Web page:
Campus officials say the the institution is monitoring the spread of novel coronavirus after the outbreak in China, though there have been no confirmed local cases of the virus thus far.
According to communication posted to the International Programs website — signed by UI International Programs Dean Russ Ganim and interim Student Health Services Director Paul Natvig — the UI is tracking recommendations from health officials regarding detection, prevention, and possible treatment of the virus.
The Centers for Disease Control and Prevention reported the virus originated in Wuhan, China as a sudden outbreak in respiratory illnesses. There are at least five confirmed cases in the U.S., and all known patients have recently returned from a visit to Wuhan.
“The University of Iowa is monitoring reports and recommendations regarding this coronavirus from national and regional health agencies on a daily basis, and is taking safety precautions to detect and treat any potential case of the virus by following the latest guidelines from the Centers for Disease Control and the Iowa Department of Public Health,” according to the International Programs message.
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The message encouraged those who have traveled to or been in contact with those who have traveled to Wuhan, China within the last 14 days and feel sick with a fever, cough, or breathing difficulties to call the Student Health Nurseline (319-335-9704).
“All medical costs will be covered and your privacy will be maintained,” the message reads. “A nurse from Student Health will call you within the next 24 hours to follow up and answer any additional questions or concerns you may have at this time. Be sure to answer your phone, or follow the instructions to return a call if Student Health texts you.”
At a Faculty Council meeting Tuesday, Faculty Senate Vice President Joseph Yockey said the UI had a handful of students return from China and other areas of Asia within the month.
“UIHC has told us that they are fully prepared and ready to engage with any suspected cases,” Yockey said, adding that there have been no cases reported locally.
UI microbiology and immunology Professor Stanley Perlman, who has studied coronaviruses for the last 38 years, said this is the first time this particular strain of coronavirus has been found in human populations.
While it is too soon to say definitively, the virus is currently believed to have initially broken out among the bat population, because this strain is a 96 percent match with bats’ coronavirus, Perlman said.
There have been previous coronavirus outbreaks before the current epidemic. The CDC has identified seven strains of coronavirus, and Perlman said common coronaviruses can cause anywhere from 20 to 30 percent of common colds. The strains that cause serious human disease, such as strains MERS coronavirus and SARS coronavirus, were uncommon until 2003.
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Perlman and UI Hospitals and Clinics epidemiologist Jorge Salinas said the new strains spread through respiratory droplets. Hospitals were the most common places of infection for both of these strains because of the release of secretions through the base of the lungs during medical and surgical procedures.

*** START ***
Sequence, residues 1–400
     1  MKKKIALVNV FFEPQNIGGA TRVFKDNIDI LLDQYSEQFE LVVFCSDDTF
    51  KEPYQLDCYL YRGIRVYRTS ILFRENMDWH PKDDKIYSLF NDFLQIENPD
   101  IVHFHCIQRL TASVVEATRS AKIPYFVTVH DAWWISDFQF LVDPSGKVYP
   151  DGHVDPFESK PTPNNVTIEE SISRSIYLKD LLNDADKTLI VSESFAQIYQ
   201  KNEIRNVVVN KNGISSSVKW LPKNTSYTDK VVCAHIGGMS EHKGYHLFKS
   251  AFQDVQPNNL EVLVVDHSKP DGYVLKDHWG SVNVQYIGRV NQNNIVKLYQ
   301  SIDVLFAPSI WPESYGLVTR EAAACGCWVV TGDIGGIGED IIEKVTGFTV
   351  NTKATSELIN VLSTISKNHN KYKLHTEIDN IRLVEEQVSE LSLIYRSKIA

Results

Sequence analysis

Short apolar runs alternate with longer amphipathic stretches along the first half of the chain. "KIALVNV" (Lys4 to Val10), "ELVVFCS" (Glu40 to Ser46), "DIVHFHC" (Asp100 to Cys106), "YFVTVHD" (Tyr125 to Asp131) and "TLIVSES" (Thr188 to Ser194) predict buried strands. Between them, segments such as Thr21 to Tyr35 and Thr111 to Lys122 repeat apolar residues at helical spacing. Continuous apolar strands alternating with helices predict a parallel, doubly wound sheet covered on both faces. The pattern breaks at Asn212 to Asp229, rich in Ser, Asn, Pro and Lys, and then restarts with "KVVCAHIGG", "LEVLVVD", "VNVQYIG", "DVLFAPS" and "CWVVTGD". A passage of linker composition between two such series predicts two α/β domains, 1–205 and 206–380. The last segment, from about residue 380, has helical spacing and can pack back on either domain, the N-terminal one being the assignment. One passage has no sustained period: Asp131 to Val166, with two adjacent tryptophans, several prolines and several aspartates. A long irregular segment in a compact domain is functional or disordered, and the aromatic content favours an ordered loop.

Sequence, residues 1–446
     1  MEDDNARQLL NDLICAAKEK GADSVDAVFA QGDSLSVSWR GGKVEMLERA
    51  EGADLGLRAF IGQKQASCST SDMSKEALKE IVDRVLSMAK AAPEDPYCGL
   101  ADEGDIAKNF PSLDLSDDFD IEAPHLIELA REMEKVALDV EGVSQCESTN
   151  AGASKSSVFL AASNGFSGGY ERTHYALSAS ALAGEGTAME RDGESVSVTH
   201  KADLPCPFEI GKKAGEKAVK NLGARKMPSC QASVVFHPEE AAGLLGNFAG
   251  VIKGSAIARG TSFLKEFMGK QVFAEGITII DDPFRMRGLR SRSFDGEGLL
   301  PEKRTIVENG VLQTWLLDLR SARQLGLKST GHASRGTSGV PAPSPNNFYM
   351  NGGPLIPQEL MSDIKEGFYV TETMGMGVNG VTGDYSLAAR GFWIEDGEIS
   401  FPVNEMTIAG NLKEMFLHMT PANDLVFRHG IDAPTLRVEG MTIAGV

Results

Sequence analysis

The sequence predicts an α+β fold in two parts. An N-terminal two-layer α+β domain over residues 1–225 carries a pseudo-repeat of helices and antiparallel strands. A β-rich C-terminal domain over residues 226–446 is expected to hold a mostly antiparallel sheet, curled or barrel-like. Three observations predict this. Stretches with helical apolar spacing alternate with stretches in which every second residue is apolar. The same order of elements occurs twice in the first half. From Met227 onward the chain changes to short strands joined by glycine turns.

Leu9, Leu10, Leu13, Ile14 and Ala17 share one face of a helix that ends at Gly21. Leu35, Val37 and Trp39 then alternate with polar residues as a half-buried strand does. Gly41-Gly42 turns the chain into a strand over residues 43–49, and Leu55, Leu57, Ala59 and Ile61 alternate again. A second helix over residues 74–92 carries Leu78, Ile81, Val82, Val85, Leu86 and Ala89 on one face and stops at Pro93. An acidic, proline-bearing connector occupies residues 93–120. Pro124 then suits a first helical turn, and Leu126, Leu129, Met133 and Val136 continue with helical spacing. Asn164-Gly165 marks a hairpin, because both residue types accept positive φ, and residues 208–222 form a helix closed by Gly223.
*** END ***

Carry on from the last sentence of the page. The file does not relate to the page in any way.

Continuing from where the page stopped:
This virus, however, is spreading beyond hospitals. Viruses at higher levels in the nasal and oral cavity are easier to spread, similar to a cold, Perlman said.
“This one is different because there is a huge amount of spread to the community,” Perlman said. “So how, exactly, it is spreading is still a question because these others were clearly in the base of the lungs. And this one, we don’t know. We guess it is in the base of the lungs but it’s really spreading quite a bit.”
Perlman added that other important variables include where the virus sits in the lungs and how much of the virus is contained in a carrier.
“The other thing that happened in the other epidemics is what is called ‘super-spreading events,’ so people seem to have more virus and, because of that, they can infect lots of people,” Perlman said. “If you are a super-spreader, you could be contagious… You were able to get lots of people because your virus spreads a longer distance.”
Salinas added that treatment for a patient with coronavirus would currently be mostly supportive, providing fluids and regulatory support for the patient until treatment can be found.
The spread of novel coronavirus is similar to that of influenza, and procedures surrounding influenza will be similar to the procedure involving the spread of novel coronavirus if there is ever a case in Iowa, Salinas said.
“The hospital is always training and preparing for the prevention of transmission of pathogens,” he said. “We also keep a very close eye on data and recommendations from the CDC and the Iowa Department of Public Health.”
He emphasized that, at the moment, Iowa citizens are much more likely to contract influenza and the basic steps to avoid influenza are the same when approaching other respiratory illnesses such as coronaviruses.
“One, frequent hand hygiene needs to be done,” Salinas said. “Two, cough etiquette. If you’re sick and coughing, then cough into your arm or into a tissue, then wash your hands. And three, if people are feeling ill or have high fevers, they should avoid going to congregate settings.”